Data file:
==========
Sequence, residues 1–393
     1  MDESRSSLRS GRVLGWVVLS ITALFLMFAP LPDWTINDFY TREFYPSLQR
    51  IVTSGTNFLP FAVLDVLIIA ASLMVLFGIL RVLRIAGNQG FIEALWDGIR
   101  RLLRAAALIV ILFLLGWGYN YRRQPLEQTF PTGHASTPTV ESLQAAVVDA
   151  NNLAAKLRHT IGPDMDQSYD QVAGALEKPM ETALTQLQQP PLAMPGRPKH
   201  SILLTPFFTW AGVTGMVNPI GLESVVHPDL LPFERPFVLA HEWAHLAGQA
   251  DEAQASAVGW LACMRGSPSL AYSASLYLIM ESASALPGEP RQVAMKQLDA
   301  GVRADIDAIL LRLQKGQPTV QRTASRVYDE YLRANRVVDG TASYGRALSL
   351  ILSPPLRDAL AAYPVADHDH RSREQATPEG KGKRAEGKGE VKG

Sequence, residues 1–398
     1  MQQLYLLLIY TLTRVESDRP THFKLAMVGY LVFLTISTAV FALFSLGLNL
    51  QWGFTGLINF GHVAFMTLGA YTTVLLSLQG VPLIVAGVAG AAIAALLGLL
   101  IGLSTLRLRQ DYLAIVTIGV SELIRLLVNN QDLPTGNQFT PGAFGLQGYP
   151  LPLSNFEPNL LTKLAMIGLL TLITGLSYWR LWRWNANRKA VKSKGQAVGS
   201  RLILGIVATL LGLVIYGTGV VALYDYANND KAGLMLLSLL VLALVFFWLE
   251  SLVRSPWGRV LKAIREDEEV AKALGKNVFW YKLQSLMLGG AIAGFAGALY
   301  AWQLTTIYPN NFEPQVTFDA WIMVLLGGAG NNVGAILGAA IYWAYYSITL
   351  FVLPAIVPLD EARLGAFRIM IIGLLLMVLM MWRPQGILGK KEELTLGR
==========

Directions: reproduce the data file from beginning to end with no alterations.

Sequence, residues 1–393
     1  MDESRSSLRS GRVLGWVVLS ITALFLMFAP LPDWTINDFY TREFYPSLQR
    51  IVTSGTNFLP FAVLDVLIIA ASLMVLFGIL RVLRIAGNQG FIEALWDGIR
   101  RLLRAAALIV ILFLLGWGYN YRRQPLEQTF PTGHASTPTV ESLQAAVVDA
   151  NNLAAKLRHT IGPDMDQSYD QVAGALEKPM ETALTQLQQP PLAMPGRPKH
   201  SILLTPFFTW AGVTGMVNPI GLESVVHPDL LPFERPFVLA HEWAHLAGQA
   251  DEAQASAVGW LACMRGSPSL AYSASLYLIM ESASALPGEP RQVAMKQLDA
   301  GVRADIDAIL LRLQKGQPTV QRTASRVYDE YLRANRVVDG TASYGRALSL
   351  ILSPPLRDAL AAYPVADHDH RSREQATPEG KGKRAEGKGE VKG

Sequence, residues 1–398
     1  MQQLYLLLIY TLTRVESDRP THFKLAMVGY LVFLTISTAV FALFSLGLNL
    51  QWGFTGLINF GHVAFMTLGA YTTVLLSLQG VPLIVAGVAG AAIAALLGLL
   101  IGLSTLRLRQ DYLAIVTIGV SELIRLLVNN QDLPTGNQFT PGAFGLQGYP
   151  LPLSNFEPNL LTKLAMIGLL TLITGLSYWR LWRWNANRKA VKSKGQAVGS
   201  RLILGIVATL LGLVIYGTGV VALYDYANND KAGLMLLSLL VLALVFFWLE
   251  SLVRSPWGRV LKAIREDEEV AKALGKNVFW YKLQSLMLGG AIAGFAGALY
   301  AWQLTTIYPN NFEPQVTFDA WIMVLLGGAG NNVGAILGAA IYWAYYSITL
   351  FVLPAIVPLD EARLGAFRIM IIGLLLMVLM MWRPQGILGK KEELTLGR